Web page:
Do you know the difference between accounting and finance? If you said there isn’t one, you’d be wrong. And that’s okay, but we’re here to help you understand that nuance and dive into why financial literacy is more critical to your job than you might realize, even if you don’t actively work in a department that crunches numbers.
So, let’s break it down. Accounting is the act of putting numbers in the books. Finance is interpreting those numbers to strategically align your business goals and objectives to plan for future growth.
While both are critical for business operations, we sat down with Lori Ware, SVP of Casino Finance for Yaamava’ Resort & Casino at San Manuel, to understand why business financial literacy is a critical part of any job and some of the common things you should know.
You Don’t Have to Be a Numbers Person
For those not inclined toward math, anything related to accounting, finance, and numbers can be a bit intimidating to think about. But you don’t have to be the person balancing the ledgers and determining cash flow to understand how the numbers impact overall business health and what it means for your department and your budgets.
During Ware’s career, she’s been in pretty much every financial department you can think of, from entry-level accounting assistant to a financial controller to vice president of finance and even chief financial officer. It’s safe to say she has a strong handle on both the accounting and finance sides of the gaming and hospitality industry, but she broke down the main thing that’s critical for anyone, in any department, to know.
You might have heard net income is referred to as the company’s bottom line. It’s an overall metric that allows you to have a better understanding of the profitability of a company so you can scale up or down as needed and allocate budgets to where they can have the most impact.
The formula for net income is relatively simple:
Revenue (the overall money a company takes in) – Expenses (the overall cost to do business) = Net Income
So, why is net income so important for you to know? It provides an overall picture of the health of your company and whether or not you are on a growth trajectory. Understanding net income lets you decide if you have a case for hire, if you can plan for new projects, or if you can give additional budget resources to different departments.
In addition to net income, Ware says it’s important to understand the terminology and metric that is more specific to your particular department. For example, someone working in slot operations would want to understand their wins per unit and someone working in operations for table games should pay attention to their drop and hold per table.
You don’t have to be the person calculating these metrics, but having an understanding of them helps you make operational decisions like whether or not to swap two slot machines on the floor to see if that boosts overall performance, or if a machine has run its course and should be phased out.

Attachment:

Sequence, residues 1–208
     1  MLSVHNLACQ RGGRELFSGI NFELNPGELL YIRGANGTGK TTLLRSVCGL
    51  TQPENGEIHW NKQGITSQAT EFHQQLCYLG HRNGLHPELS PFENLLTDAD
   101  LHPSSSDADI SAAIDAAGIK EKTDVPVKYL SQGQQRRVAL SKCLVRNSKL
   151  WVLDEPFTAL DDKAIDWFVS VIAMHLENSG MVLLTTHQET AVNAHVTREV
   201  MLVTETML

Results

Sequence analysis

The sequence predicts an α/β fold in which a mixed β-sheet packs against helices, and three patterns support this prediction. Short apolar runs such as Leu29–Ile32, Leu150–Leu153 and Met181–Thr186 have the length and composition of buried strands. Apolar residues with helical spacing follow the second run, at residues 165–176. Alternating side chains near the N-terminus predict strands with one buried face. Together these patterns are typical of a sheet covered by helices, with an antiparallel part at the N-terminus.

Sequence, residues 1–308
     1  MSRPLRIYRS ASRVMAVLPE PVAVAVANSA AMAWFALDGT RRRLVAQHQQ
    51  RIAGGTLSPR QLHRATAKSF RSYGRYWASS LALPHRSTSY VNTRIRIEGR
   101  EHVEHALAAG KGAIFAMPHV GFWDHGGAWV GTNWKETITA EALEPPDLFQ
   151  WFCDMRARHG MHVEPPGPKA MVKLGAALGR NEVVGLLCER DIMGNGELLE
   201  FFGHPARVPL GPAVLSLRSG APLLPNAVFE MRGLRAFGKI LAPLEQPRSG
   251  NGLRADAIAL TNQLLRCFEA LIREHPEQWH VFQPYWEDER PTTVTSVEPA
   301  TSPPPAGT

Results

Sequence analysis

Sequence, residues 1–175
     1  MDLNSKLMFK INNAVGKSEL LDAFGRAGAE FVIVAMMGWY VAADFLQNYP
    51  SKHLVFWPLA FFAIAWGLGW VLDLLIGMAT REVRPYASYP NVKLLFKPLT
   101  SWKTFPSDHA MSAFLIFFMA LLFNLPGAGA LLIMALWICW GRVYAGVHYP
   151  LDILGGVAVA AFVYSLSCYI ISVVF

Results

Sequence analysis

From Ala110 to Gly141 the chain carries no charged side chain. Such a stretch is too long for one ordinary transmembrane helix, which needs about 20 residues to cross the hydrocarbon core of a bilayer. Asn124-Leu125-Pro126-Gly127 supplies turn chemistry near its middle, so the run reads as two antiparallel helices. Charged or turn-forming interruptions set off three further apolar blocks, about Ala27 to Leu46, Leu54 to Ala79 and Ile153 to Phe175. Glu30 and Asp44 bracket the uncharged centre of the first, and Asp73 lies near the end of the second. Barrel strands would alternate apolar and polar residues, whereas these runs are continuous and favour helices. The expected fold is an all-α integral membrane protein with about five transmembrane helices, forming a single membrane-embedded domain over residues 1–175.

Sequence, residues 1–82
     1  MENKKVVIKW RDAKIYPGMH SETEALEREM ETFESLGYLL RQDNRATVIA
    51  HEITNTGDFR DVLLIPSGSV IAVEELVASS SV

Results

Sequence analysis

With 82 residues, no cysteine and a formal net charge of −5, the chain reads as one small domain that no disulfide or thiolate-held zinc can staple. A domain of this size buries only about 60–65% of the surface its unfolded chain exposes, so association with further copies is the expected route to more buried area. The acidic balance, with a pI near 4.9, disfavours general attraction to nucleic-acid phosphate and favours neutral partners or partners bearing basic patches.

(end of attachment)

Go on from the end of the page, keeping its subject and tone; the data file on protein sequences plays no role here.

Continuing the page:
Three Mistakes to Avoid
Ware believes in the value of companies that allow you to put your hand in the air and throw out big ideas without having to fear mistakes or the results of failure. This is something she values in working for Yaamava’ Resort & Casino at San Manuel. However, with robust experience comes an understanding of the following mistakes that you should strive to avoid.
Lack of Training
The best way to avoid financial mistakes in any instance is a robust training program. If your company provides that type of education, take advantage of it even if it doesn’t seem like it directly relates to your job. If you are a department head, partner with your financial departments to put together programs for more general employees so they understand the basics of business financial literacy.
No Checks & Balances
Within areas relevant to your department, have a dedicated resource that can quality check the findings and numbers associated with your specific budgets and goal metrics. Don’t rely on outside bodies to double-check your digits as this creates a greater risk for the company overall. If you are the numbers person, make sure you have someone well versed enough to be that extra layer of protection.
Not Knowing What to Look For
This takes the education aspect a little bit further. Within each department is an ebb and flow of budget coming in and expenses going out. Ware encouraged employees to pay attention to those numbers, understand what they mean for you and your work, and how to identify if things look off. This helps ensure that accruals properly account for services that have already been administered and that you have an understanding of where your overall yearly budgets are tracking. When you have your finger on the pulse, you are better equipped to make quick pivots to meet goals.
Want to Get More Hands-On?
Does all of this sound so good that you want to get involved in the numbers and finance departments? Ware thinks you should. “It’s so incredibly fun,” says Ware. “Things move rapidly and you’re able to understand and articulate information about the performance of a business.”
She recommends that those who are looking to get into accounting and finance take classes around both. Figure out what you like more–is it being hands-on with the numbers or using the data to plan and problem-solve? Identifying what excites you most will help you determine which path you should pursue.
Ware also recommends finding a mentor. As with any college or professional development course, things in the real world function differently from a classroom environment. Mentors can help you better understand how studies apply in real-world environments and connect you to entry-level opportunities.
Whether looking to be involved in business finance or not, these basics of financial literacy will help you grow your career and better inform your approach to day-to-day operational strategies.